Two ways to fail with TSP and one way to succeed


In managing your Thrift Savings Plan account, you have one way to succeed and two ways to fail. You can succeed only by achieving your goals with little or no forced compromise along the way. You can fail by either failing to achieve your goals, or by living further beneath your means than necessary — in essence by being too cautious — and leaving money “on the table” in the end.

Retirement investing is ultimately about producing cash flow — money to spend when you need it. This is also referred to as liquidity. What good is it to be wealthy if you can’t readily convert that wealth to spendable cash when you need it to support your desired standard of living? With this in mind, success in retirement investing can be broadly defined as producing the cash flow you need to support the highest standard of living possible without depleting your assets below a minimum acceptable value. To succeed, you need to produce adequate cash flow from your resources without exhausting them.

If you’d like a certain standard of living in retirement, that standard of living will require cash flow. If that cash flow is greater than that provided by your guaranteed income, such as annuity or Social Security income, then you may have to rely on your TSP account to provide supplemental income to fill the gap. To be successful in managing your account, it must produce this income when you need it, without running out before the job is done.

If you must leave a certain amount of money behind as part of your estate, then this makes the job a little tougher, since you must not only produce the needed income without exhausting the account, but you must also make sure that you do so without allowing the account to fall below a certain value.

Understanding this definition of success is important, since without it, you can’t manage your |account to achieve a relevant objective. Like so many investors, you’ll manage your account to some other, irrelevant objective, such as to beat a market index, to achieve a certain yield, or worst of all, to no objective at all.

Many investors manage their TSP accounts with no clear objective in mind, and without any clear definition of success on which to base their performance. This is like driving a car without knowing where you’re going. It might be a scenic or exciting drive, but you won’t have much control over where you wind up.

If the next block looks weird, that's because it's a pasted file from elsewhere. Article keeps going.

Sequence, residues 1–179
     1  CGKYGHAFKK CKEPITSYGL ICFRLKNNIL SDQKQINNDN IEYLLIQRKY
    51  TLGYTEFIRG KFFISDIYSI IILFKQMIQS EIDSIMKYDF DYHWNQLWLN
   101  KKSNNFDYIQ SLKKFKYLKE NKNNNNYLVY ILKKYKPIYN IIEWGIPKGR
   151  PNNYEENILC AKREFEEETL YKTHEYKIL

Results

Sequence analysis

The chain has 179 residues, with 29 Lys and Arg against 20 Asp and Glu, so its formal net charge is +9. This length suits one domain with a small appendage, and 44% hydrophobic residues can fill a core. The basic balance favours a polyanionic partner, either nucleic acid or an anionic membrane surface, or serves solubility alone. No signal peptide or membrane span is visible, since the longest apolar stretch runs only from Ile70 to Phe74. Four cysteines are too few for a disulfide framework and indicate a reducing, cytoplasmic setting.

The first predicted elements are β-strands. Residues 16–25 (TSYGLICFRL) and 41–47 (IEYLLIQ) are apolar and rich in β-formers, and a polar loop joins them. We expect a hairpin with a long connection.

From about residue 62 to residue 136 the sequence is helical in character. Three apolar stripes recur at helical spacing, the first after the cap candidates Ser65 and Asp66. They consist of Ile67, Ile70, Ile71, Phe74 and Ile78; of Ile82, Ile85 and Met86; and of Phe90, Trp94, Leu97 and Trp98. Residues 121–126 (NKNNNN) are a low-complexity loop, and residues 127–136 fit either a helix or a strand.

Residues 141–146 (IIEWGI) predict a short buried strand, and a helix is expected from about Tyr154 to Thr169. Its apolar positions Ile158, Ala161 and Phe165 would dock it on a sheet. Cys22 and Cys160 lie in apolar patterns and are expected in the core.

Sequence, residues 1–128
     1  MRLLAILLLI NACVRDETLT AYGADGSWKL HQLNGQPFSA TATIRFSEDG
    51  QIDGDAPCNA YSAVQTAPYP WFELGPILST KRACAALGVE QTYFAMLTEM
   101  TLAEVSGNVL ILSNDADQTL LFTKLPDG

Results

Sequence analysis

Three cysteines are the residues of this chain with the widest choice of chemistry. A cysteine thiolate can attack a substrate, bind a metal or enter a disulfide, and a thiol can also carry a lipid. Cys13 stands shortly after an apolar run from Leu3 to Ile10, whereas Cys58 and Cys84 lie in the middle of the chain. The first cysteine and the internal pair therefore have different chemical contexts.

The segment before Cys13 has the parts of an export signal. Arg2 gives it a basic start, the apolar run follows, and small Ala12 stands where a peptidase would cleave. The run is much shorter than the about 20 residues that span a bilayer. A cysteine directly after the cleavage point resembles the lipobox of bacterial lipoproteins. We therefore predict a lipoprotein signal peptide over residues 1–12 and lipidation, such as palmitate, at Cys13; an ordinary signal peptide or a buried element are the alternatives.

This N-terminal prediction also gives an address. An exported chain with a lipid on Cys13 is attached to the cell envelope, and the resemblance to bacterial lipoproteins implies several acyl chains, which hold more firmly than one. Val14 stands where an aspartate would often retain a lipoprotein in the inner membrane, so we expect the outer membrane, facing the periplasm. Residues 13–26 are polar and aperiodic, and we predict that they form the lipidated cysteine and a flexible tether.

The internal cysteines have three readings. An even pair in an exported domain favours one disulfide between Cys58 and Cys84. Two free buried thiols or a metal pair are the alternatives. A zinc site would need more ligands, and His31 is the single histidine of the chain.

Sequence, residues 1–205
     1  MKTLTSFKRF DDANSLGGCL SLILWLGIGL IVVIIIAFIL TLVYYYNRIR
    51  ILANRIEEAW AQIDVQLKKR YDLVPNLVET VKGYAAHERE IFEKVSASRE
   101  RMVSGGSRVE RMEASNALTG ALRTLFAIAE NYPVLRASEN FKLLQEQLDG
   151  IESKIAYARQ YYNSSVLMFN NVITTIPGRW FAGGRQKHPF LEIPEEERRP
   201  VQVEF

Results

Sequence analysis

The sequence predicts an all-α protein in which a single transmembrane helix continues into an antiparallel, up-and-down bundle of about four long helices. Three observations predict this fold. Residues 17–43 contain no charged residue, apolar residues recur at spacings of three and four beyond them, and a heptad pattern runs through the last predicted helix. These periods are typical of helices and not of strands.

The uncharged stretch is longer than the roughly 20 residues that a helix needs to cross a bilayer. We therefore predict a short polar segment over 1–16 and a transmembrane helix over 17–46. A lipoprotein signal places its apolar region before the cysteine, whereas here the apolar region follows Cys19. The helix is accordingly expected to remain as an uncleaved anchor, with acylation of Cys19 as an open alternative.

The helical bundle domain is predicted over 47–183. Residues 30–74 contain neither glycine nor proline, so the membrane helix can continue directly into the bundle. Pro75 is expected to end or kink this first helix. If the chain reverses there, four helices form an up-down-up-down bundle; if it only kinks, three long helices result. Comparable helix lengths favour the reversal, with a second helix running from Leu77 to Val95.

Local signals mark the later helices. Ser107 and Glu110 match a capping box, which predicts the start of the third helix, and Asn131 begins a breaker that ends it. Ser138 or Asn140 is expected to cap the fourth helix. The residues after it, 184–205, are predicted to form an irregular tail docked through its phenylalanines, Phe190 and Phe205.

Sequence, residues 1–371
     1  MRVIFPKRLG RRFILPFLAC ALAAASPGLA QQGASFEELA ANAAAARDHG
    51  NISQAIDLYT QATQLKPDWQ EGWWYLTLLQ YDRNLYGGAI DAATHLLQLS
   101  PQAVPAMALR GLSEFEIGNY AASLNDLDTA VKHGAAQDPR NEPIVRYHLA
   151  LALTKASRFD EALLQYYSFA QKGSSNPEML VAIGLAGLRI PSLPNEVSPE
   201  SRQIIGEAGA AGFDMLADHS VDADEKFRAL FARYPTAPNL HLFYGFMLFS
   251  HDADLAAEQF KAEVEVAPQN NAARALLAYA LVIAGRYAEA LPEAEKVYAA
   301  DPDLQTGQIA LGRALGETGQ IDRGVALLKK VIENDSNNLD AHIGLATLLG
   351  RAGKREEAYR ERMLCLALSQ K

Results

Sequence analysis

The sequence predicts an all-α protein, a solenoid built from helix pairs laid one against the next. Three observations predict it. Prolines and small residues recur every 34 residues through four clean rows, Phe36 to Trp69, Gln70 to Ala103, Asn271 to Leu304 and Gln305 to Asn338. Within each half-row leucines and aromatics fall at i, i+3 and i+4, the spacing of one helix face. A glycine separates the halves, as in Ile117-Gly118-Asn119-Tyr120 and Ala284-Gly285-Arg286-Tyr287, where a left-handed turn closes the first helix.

The most serious failure is to fall short of your goals — failing to meet your expectations. This happens because you follow a plan that is too aggressive to be safe. This kind of plan is either doomed to fail from the start, or it has an unacceptably high probability of failing. It’s too risky, and the risk becomes reality.

But there’s another less severe, but still important, kind of failure. That is failure to extract the standard of living you could have had if you’d only known that it was possible, and how to get it safely. While this failure isn’t as serious as coming up short, leaving money — and the standard of living it could have supported — on the table in the end is still a kind of failure that most of us would rather avoid.

Defining and understanding what retirement plan failure is, and isn’t, is a key part of building and managing a successful retirement investment program. Common measures of investment performance — like rate of return, comparison to an index, or realized yield — are subordinate to the real definition of success: producing the cash flow necessary to support the highest standard of living possible during your lifetime.

Pursuing measures of success that are irrelevant to achieving your objectives is wasteful at best, and disastrous at worst. So, before you make investment decisions, it’s wise to clearly define your goals and understand the relevant measures of success and failure. Chances are, they’re not what that broker, banker, insurance agent or journalist is telling you they are.


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Mike Miles is a Certified Financial Planner licensee and principal adviser for Variplan LLC, an independent fiduciary in Vienna, Virginia. Email your financial questions to and view his blog at

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